Ergo: remember to tell about the good solutions and code you find.

Unfortunately TFS does not have a (good) solution for differentiating between comments and praise and critisism.

Incremental vs completionist problem solving

October 21st, 2015

Do you solve the problem one step at a time, slowly ever going forward, but without the final goal?
or do you see the goal and work steadily towards it?

Of course you do both but might be biased.

Below is a readworth article about this.

Bra kommentar om teknisk skuld

October 5th, 2015

Den hyggligt korta artikeln delar upp teknisk skuld i flera delar: programmeringsskuld
, designskuld, testskuld och  kunskapsskuld. Jag tycker det var lite onödigt komplicerat; men samtidigt upplever jag det gav en möjlighet att diskutera. T.ex. vet jag ett projekt som klarar sig bra på allt utom kunskapsskulden. I och med att uppdelningen gav mig möjlighet att prata om, just, kunskapsskulden utan att blanda in all annan teknisk skuld tyckte jag att jag fick fram det jag ville säga.

Sedan undrar jag om man skall räkna in de andra skulderna i teknisk skuld.

Vidare undrar jag om “skuld” är rätt ord eftersom det är något man, förhoppningsvis, kan amortera bort. En teknisk skuld kommer aldrig försvinna för när man kommer närmare målet ökar man bara sin ambitionsnivå.

Ursprunglig artikel.

The X-Y-problem

July 31st, 2013

Try to solve X.
You recognise that to solve X you must first solve Y.
You ask for help on how to solve Y.

When you really should ask for help on how to solve X.

More thorough explanation.

I have not solution to the problem but knowing it exists is a good start to avoid it.

There are mainly 2 ways to keep a running project running – change or not

July 31st, 2013

When a project goes live it enters the maintenance phase. Further development changes.

There are mainly two ways to keep said project running.

Great wall of China

The first is to pretend the world is not (r)evolving and keep the project in a stable state.
This means one must consider present and future changes and make sure these don’t affect the system.
Unfortunately this also means changes are slow and expensive; not necessarily because of code base but of management who believes the system will work and not have to be changed because changing costs money.

What often happens is that changes are postponed until a bug or security issue surfaces in the OS, underlying framework and changes must occur. Note that I wrote “OS” and “underlying framework” and not the project specific code. The world did (r)evolve despite intentions.

Continuous change

The other method is to acknowledge that the world changes and change accordingly. The world changes continuously so allow the project to change continuously.

What comes out of this is also that every change becomes cheaper, both in money and in administration and in percieved load for management. Bugs and features are also fixed and implemented faster which benefits the business.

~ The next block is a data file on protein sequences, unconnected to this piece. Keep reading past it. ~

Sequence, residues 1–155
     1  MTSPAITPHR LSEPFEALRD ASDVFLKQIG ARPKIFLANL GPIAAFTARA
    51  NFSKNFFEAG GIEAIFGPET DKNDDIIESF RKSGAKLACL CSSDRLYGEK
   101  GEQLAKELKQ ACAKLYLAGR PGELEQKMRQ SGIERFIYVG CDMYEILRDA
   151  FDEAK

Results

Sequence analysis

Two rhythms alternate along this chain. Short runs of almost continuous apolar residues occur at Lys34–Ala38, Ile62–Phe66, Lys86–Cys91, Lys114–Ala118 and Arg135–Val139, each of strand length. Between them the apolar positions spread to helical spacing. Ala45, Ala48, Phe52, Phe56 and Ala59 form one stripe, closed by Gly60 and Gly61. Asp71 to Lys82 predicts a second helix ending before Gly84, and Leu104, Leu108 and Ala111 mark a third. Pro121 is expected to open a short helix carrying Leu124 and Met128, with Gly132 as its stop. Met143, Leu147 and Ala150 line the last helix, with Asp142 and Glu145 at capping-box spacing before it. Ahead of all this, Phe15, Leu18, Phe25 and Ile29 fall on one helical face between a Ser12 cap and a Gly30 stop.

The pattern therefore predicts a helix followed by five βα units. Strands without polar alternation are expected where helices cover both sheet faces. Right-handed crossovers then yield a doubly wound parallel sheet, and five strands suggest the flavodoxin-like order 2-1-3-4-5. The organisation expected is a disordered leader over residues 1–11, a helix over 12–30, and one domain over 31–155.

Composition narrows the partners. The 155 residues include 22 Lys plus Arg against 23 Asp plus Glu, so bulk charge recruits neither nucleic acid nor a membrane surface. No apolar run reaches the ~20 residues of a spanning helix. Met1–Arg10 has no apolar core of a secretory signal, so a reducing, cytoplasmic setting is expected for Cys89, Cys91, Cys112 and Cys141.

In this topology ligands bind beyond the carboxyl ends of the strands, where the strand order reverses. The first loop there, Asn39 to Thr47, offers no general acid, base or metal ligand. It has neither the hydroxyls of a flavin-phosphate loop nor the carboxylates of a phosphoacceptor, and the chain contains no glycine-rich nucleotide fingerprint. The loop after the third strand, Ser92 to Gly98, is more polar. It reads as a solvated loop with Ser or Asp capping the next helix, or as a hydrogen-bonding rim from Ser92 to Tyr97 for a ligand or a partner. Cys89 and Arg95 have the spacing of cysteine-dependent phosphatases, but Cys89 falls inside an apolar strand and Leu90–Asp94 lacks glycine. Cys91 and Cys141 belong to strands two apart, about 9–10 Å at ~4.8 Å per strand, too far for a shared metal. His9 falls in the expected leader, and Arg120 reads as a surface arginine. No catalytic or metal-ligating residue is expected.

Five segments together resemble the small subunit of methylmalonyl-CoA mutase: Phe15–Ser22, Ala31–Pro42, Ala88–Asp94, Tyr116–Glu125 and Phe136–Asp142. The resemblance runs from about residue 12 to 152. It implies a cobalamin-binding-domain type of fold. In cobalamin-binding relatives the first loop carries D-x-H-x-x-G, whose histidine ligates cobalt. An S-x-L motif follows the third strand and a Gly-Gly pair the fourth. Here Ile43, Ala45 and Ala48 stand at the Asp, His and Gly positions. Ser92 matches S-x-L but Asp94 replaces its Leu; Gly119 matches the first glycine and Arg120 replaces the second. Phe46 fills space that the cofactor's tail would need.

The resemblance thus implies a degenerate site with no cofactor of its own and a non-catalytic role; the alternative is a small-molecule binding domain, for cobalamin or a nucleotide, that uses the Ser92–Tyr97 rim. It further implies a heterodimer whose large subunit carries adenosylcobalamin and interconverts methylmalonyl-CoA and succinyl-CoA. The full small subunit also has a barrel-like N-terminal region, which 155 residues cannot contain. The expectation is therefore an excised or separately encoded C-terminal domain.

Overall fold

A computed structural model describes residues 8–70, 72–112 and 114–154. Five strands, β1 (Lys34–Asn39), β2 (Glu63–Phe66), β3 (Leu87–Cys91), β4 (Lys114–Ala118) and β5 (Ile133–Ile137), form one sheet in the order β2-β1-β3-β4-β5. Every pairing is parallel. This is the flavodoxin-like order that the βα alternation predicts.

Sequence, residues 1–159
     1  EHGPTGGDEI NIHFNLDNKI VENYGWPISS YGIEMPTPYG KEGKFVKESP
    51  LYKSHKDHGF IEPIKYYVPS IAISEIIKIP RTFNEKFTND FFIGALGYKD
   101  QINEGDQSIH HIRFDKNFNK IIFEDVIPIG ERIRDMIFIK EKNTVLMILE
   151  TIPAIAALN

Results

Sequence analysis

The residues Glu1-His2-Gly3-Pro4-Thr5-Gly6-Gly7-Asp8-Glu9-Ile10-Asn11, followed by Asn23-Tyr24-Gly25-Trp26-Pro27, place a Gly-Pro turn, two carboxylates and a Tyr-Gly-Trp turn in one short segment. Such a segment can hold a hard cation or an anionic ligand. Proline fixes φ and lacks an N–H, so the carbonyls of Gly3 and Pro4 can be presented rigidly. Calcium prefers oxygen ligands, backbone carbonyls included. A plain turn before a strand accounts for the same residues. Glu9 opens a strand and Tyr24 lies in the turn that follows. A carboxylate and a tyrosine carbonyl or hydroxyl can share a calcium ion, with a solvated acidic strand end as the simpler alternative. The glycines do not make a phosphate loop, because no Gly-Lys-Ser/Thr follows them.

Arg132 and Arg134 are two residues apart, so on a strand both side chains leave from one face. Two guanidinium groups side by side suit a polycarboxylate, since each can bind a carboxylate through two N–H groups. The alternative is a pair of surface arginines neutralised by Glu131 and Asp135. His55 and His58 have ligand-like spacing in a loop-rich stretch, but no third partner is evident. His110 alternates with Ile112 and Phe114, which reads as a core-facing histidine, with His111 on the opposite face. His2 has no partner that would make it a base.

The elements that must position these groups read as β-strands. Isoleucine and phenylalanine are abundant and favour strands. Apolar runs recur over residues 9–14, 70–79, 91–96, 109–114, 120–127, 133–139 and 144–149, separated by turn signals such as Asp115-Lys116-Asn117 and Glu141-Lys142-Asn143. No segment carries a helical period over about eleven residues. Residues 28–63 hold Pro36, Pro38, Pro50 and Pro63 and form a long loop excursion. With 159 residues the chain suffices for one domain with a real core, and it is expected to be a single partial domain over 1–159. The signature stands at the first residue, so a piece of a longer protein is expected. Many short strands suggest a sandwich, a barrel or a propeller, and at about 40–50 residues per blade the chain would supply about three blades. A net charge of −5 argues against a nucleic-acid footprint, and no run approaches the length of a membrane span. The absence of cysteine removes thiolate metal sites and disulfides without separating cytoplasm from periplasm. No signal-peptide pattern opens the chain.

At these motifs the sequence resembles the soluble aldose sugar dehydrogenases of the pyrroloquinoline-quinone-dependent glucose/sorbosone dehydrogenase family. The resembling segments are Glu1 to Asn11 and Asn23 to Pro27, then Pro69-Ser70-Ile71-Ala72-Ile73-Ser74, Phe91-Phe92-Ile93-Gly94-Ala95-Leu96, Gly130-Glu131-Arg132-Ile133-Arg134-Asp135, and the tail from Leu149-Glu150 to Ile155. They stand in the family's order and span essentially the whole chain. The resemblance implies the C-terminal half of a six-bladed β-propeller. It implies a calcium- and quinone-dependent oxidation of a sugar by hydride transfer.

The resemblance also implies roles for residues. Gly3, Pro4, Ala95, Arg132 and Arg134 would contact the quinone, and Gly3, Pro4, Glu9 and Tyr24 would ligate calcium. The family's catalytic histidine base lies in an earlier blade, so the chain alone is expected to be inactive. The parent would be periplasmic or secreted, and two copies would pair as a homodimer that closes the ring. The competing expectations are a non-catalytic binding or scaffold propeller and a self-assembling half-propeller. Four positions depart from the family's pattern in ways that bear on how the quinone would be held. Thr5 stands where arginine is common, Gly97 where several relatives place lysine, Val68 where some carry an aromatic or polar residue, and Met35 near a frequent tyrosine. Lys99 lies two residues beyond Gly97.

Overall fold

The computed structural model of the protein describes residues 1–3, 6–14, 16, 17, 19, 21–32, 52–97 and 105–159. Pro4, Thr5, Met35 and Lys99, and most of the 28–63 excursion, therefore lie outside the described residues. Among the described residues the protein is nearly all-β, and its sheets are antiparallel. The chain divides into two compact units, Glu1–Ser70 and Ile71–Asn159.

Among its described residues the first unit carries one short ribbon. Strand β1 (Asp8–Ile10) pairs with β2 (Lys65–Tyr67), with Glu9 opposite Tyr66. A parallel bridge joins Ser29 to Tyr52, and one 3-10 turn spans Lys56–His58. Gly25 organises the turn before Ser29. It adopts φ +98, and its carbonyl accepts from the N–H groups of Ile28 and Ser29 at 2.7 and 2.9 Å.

Microsoft team foundation bug management

June 20th, 2012

A minute ago I reported two bugs for a project and noticed that the GUI for bug reporting in TFS inside Visual studio still sucks.  It sucked 5? years ago.  It still does.

It was a flashback because I 1) didn’t remember exactly how user unfriendly the form is with edit fields all over, hard (partly impossible!) to navigate with keyboard and bad overview.  There wasn’t a clue 5 years ago that a bug had an attachment.  There still isn’t.  2) didn’t remember how awfully slow it was.  Reporting bugs might inflict some stress to me because there is so much I want to tell but text and images are so limited and I want to get it all out before it flees my mind.

Now I can see that the overview of bugs is still lousy.  I have read that it has improved but from what?  To Microsoft’s defense I must say that they have done a good effort but it all smells like one-department-for-testing with dedicated-testers and one-department-for-developers and so on.  To me development, testing, operations, architecture is all the same.

So even though I like the symbiosis of TFS and VS and the whole test rig with virtual machines one can buy from Microsoft I won’t sell the bug management tool to any client that isn’t already deep into it.
The licensing model, as I remember it last time I checked, also bothers me but that is for another article.


February 28th, 2009

In the west we are raised in a strong belief that everything can be owned; written text, images and even land(!)  With this belief as our Pen and money as our Sword we push this way of thinking on the rest of the world so as to keep our wealth.

Not everyone has this same belief and are happy to invent and reinvent former inventions and constructions instead of protecting the old.  One word for this is plagiarism, another is Shanzhai.  I am afraid a new word will be “economic terrorism”.

If I claim that others follow my rules then I should be prepared to follow theirs; I am not automatically right because I have a bigger gun.